Tuesday, May 24, 2011
The Big 12's top returning TD makers
By David Ubben
Inspired by (read: ripped off) our friends over at the SEC blog, we'll take a look today at who brings back the most scoring in the league.
It's also an interesting look at exactly how many times teams crossed the goal line last season, a total stat that, for whatever reason, doesn't get looked at very much.
It's obviously no guaranteed predictor of success, but it's an interesting look at the boiled down "returning starters" number we always hear about in the months leading up to the season.
1. Texas A&M -- 93.6 percent
47 offensive touchdowns (44 return)
28 passing touchdowns (15 return)
28 receiving touchdowns (27 return)
19 rushing touchdowns (17 return)
2. Missouri -- 88.9 percent
45 offensive touchdowns (40 return)
17 passing touchdowns (1 returns, James Franklin)
17 receiving touchdowns (17 return)
28 rushing touchdowns (23 return)
3. Kansas -- 87.5 percent
24 offensive touchdowns (21 return)
11 passing touchdowns (11 return)
11 receiving touchdowns (9 return)
13 rushing touchdowns (12 return)
4. Texas -- 79.3 percent
29 offensive touchdowns (23 return)
10 passing touchdowns (10 return)
10 receiving touchdowns (7 return)
19 rushing touchdowns (16 return)
5. Oklahoma State -- 72.6 percent
62 offensive touchdowns (45 return)
36 passing touchdowns (36 return)
36 receiving touchdowns (35 return, Colton Chelf)
26 rushing touchdowns (10 return)
6. Baylor -- 70.8 percent
48 offensive touchdowns (34 return)
23 passing touchdowns (23 return, including one by WR Kendall Wright)
23 receiving touchdowns (21 return)
25 rushing touchdowns (13 return)
7. Oklahoma -- 59 percent
61 offensive touchdowns (36 return)
38 passing touchdowns (38 return)
38 receiving touchdowns (29 return)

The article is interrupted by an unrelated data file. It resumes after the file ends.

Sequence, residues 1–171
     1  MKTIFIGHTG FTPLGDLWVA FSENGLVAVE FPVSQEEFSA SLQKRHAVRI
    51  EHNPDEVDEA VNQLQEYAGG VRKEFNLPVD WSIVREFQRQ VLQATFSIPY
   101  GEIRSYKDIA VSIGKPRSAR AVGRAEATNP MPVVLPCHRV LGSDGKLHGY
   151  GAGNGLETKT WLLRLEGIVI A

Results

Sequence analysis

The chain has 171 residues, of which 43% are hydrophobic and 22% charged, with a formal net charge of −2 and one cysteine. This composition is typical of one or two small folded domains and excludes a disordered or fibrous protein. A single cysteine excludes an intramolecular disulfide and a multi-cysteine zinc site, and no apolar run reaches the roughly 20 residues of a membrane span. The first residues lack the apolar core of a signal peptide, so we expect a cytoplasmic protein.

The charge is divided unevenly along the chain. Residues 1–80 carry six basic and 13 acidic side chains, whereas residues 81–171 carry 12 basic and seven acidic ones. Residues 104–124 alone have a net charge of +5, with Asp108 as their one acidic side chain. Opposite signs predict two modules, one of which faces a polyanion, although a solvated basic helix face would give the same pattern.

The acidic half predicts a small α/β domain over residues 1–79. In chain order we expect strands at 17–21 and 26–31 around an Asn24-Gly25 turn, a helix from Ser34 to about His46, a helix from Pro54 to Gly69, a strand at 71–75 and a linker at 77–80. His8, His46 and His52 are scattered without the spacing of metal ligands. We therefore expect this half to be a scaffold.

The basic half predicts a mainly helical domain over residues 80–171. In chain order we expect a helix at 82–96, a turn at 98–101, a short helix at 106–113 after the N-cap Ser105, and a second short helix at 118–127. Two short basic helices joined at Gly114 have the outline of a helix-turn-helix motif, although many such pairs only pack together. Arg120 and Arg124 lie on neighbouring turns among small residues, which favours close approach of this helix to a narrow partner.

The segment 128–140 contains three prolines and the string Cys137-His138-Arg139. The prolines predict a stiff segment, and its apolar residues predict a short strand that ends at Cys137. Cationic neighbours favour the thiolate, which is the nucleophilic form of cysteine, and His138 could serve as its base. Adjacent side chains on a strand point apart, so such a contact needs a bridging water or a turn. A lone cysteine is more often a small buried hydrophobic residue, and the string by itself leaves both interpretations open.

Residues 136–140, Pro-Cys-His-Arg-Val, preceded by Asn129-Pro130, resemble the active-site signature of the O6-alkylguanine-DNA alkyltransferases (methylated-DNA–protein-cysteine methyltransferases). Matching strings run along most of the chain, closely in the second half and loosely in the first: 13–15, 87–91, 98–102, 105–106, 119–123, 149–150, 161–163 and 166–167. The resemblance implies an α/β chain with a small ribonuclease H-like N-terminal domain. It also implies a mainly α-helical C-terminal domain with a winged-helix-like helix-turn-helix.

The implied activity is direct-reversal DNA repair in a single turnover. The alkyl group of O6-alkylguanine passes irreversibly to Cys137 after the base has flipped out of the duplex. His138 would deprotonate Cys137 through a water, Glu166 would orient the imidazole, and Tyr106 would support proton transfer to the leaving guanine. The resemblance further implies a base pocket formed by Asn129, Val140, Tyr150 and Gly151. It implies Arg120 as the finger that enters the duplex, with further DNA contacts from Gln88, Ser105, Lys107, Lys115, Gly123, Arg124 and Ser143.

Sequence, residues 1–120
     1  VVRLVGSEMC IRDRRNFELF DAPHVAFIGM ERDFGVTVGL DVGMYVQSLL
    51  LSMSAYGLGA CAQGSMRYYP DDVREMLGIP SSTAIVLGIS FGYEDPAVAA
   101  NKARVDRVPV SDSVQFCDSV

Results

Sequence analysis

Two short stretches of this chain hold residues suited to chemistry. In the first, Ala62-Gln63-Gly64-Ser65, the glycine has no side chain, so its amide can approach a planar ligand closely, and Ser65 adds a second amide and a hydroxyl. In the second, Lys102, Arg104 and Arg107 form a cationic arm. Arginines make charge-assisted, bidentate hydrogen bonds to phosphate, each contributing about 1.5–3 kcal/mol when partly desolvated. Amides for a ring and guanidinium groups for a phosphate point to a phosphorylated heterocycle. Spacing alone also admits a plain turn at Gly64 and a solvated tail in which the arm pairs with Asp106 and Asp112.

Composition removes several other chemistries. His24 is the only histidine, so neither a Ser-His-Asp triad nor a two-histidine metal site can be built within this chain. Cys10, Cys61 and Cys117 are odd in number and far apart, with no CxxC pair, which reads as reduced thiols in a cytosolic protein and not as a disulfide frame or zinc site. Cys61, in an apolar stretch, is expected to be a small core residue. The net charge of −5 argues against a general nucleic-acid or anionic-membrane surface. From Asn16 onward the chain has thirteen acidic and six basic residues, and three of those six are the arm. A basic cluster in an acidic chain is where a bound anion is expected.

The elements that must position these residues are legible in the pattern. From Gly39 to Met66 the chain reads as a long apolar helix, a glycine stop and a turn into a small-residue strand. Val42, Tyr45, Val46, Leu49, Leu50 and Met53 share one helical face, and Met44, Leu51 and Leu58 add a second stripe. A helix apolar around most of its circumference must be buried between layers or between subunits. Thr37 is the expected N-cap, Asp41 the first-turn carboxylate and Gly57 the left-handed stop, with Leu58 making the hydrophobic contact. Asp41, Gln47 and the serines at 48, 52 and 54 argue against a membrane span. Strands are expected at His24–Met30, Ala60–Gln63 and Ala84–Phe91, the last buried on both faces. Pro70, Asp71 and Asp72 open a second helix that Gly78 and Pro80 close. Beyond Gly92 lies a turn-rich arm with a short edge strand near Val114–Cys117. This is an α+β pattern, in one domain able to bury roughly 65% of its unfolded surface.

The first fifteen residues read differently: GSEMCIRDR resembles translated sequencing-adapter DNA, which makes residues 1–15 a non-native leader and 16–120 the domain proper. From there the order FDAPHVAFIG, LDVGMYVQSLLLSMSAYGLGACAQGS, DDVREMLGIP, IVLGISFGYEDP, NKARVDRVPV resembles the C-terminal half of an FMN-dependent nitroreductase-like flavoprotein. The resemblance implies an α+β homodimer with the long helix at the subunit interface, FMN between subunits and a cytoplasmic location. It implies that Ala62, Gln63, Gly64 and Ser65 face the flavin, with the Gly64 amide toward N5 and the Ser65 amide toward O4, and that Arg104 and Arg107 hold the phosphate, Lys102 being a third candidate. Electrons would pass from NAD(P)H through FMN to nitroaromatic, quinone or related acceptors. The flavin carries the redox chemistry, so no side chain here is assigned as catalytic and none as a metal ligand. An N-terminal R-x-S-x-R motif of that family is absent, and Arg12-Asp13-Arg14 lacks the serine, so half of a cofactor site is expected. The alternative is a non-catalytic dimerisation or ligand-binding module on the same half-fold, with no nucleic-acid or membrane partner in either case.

23 rushing touchdowns (7 return)
8. Texas Tech -- 35.7 percent
56 offensive touchdowns (20 return)
39 passing touchdowns (none return)
39 receiving touchdowns (11 return)
17 rushing touchdowns (9 return)
9. Iowa State -- 34.5 percent
29 offensive touchdowns (10 return)
14 passing touchdowns (1 returns, Jerome Tiller)
14 receiving touchdowns (6 return)
15 rushing touchdowns (4 return)
10. Kansas State -- 26.8 percent
56 offensive touchdowns (15 return)
16 passing touchdowns (1 returns, Collin Klein)
16 receiving touchdowns (9 return)
40 rushing touchdowns (6 return)
A couple thoughts/notes:
- In the total numbers, we counted the guys who crossed the goal line, since you obviously can't count passing touchdowns twice.
- You can see here why I still think Texas Tech is a year away from being a big factor.
- Iowa State and Kansas State have tough tasks ahead replacing the production of Daniel Thomas for the Wildcats and Austen Arnaud and Alexander Robinson for the Cyclones. I don't think I told anyone anything they didn't know, but it's a little sobering to see the numbers on paper here.
- Pretty clear to see that Missouri brings back a lot, and if it can get some good play from James Franklin, the Tigers could be in for a great season. The same is true for Texas A&M, as complete of a returning team as there is in the country. The upside isn't as high as Oklahoma, of course, but the Aggies' focus has to be replacing center Matt Allen and a pair of stout linebackers in Von Miller and Michael Hodges.
- Not sure what the big gap between the top seven and the bottom three is all about, but it's there, so ... there you go.
- Shocking to see how far Texas fell in one of the simplest offensive stats in football. In 2009, Texas had 29 passing touchdowns and 28 rushing touchdowns, compared to 29 total in 2010. Talk turnover margin all you'd like, and it certainly factors into that number, but Texas won't win many more games unless that number sees a big boost in 2011.
- I didn't realize OSU edged out in-state rival OU with 62 scores to the Sooners' 61. I'd expect those two to be joined at the top by the Aggies next season.
- Additionally, I'm not sure Kansas State's offense got enough respect last season. Those 56 scores are nothing to scoff at, especially when you compare them to other offenses that most people would consider significantly better than the Wildcats (i.e., Texas Tech, Missouri, Baylor, Texas A&M). Is that truly the case? Perhaps not.